The climate at California State Universities is uneasy. Collective bargaining negotiations between the California Faculty Association and the CSU administration have further deteriorated, and CFA plans a systemwide strike the week of January 22nd. Faculty are working double-time on non-duty days to minimize disruptions to student learning while juggling service commitments, research, and writing in a publish-or-perish environment.
As I am no expert on economics, unions, or higher education administration, I will not comment on the nature of the negotiations, proposals, or actions made by either side. I cannot offer an argument that has not already been made — nor would I want to. As an untenured assistant professor, just writing about this topic feels precarious enough.
But as a counselor and counselor educator, I understand people within systems. From my vantage as a mental health professional, I see an immediately pressing crisis in the strike; it may lead to a resolution on proposals for salary raises and other changes, but it will almost certainly contribute to significant emotional distress for those involved.
However, we are not powerless in the face of this stress; leading with bell hooks’ love ethic, manifested through the counseling intervention dialectical thinking, can help us weather the storm, care for ourselves, and look after each other. A love ethic is an approach to life rooted in values tantamount to connection, such as trust, care, responsibility, and commitment. All of these values stem from an awareness of self and others unclouded by the need for definitives or domination.
Enter dialectical thinking: the practice of accepting that reality is subjective and created, the belief that everything is composed of seemingly contradictory opposites, and the skill of integrating these opposites to see a fuller truth. Holding tightly to any one belief prevents us from acknowledging others for fear that any differing opinion or truth inherently threatens emotional safety. Dialectical thinking is the practice of acknowledging the existence of other ideas or opinions and appropriately managing any arising emotional activation. In so doing, it becomes possible to practice the values necessary for a love ethic.
It is to be expected that emotions are running high due to the stakes of the strike, and this can result in people doubling down on their positions, even in seemingly unrelated situations. Feeling out of control in one area can lead to otherwise disproportionate responses in others. Dialectical thinking— in this instance, acknowledging the many contradictory positions one may hold—can help create emotional bandwidth to endure the larger stressors better.
Faculty are under many stressors heading into the strike: they must manage the multiple, sometimes conflicting, roles of instructor, laborer, researcher, union member, advocate, and whole, complex person living in one of the highest-cost of living areas in the world. They may feel torn between showing solidarity and grappling with the possibility of docked pay, should they choose to strike. The decision may be even more complicated as they juggle their felt sense of responsibility for and relationships with students, who need more emotional and social support than ever due to rising mental health concerns.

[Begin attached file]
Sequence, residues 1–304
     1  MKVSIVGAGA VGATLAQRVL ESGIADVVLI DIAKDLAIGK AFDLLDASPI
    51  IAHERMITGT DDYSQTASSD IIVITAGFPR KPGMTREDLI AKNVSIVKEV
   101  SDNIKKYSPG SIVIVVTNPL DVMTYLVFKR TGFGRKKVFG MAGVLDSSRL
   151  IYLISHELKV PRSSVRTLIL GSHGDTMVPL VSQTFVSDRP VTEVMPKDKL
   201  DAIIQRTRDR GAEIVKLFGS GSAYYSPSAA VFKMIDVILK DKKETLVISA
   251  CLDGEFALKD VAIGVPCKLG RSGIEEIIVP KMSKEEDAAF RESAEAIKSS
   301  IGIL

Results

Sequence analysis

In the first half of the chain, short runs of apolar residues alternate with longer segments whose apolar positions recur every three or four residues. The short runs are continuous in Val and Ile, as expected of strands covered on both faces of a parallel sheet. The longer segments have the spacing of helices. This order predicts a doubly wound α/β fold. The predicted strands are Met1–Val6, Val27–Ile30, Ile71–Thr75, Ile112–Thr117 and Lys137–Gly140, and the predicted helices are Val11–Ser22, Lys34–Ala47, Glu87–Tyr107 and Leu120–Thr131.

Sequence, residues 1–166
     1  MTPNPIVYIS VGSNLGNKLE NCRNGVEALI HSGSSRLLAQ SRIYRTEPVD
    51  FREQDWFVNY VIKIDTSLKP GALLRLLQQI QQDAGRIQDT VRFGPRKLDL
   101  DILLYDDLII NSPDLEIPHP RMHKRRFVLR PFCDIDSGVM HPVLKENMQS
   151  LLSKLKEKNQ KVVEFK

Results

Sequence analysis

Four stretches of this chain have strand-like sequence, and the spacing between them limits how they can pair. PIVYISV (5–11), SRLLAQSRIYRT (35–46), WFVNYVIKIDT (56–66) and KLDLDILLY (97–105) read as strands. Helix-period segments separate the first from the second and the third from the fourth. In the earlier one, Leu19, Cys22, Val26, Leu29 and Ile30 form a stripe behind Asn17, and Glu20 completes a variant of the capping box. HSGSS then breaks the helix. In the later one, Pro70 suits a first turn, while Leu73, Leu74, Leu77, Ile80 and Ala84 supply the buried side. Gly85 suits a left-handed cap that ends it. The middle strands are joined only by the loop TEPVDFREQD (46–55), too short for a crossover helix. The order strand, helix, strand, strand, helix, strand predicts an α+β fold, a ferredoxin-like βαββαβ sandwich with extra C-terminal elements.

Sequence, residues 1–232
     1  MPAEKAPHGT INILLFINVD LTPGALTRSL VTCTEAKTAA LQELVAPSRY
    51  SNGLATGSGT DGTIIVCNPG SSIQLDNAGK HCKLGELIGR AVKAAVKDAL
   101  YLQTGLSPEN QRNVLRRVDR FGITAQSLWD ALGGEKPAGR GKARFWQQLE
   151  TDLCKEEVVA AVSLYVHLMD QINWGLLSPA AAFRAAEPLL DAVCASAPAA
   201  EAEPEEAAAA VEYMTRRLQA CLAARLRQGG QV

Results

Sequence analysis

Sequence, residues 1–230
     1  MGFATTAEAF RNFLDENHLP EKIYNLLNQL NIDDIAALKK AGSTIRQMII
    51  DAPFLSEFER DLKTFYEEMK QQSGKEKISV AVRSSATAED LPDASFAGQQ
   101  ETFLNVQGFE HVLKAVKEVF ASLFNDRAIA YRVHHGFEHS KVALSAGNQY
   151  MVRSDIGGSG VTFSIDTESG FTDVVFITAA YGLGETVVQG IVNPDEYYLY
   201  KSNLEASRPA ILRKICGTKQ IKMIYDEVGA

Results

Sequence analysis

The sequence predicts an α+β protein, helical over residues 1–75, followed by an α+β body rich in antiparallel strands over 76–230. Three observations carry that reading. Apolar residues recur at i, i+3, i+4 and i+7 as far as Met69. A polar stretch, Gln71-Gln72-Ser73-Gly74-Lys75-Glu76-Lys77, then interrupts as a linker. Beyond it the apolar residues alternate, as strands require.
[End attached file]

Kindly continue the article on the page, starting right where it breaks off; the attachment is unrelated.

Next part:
Faculty may benefit from dialectical thinking as they consider how to take care of themselves during an immensely stressful time with conflicting demands. As a counselor, if I were to see a faculty member in this position, we would likely begin our work by just recognizing all of the competing emotions, motivations, and thoughts and their enormity. Some may feel dominant, but all require the privilege of acknowledgment and space to exist. We could practice dialectical thinking by identifying and accepting the contradictions of their lived experience by allowing them to exist side-by-side through language, specifically, with the use of “and” instead of “but.”
For students, dialectical thinking strategies could help identify their frustration with disruptions to learning while recognizing their faculty as whole people, with very real financial obligations and other complex and painful feelings activated by this situation. My hope would be for students to explore what is and isn’t within their power and allow tempered expectations to guide their decision-making.
Contrary to the pervasive consumer model of education, paying for education does not necessitate the experience many students have come to expect (i.e., on-demand, curated, and uninterrupted) because education is not a product, and it does not exist in a vacuum. Beyond honoring personhood, it is for students’ emotional and educational benefit to recognize that the quality of their education is directly linked to their faculty’s emotional, physical, and financial well-being.
Dialectical thinking could also support CSU administrators. It would argue for examining how things got this far, without judgment. Rather than disparaging CFA to faculty for their proposals, dialectical thinking would focus on acknowledging the reality that CFA believes its requests are fair and necessary; in this vein, they reflect not greed, but an urgent need. This practice may not necessarily result in acquiescing to CFA’s proposals, but instead seeing and addressing them in a “wise” way (in counseling spaces, this means integrating emotional and cognitive information).
As the strike looms, none of us can singularly resolve the impasse, but we maintain the power to decide how we take care of the many pieces of ourselves so that we have the bandwidth to take care of each other. In this is the power to transform our world.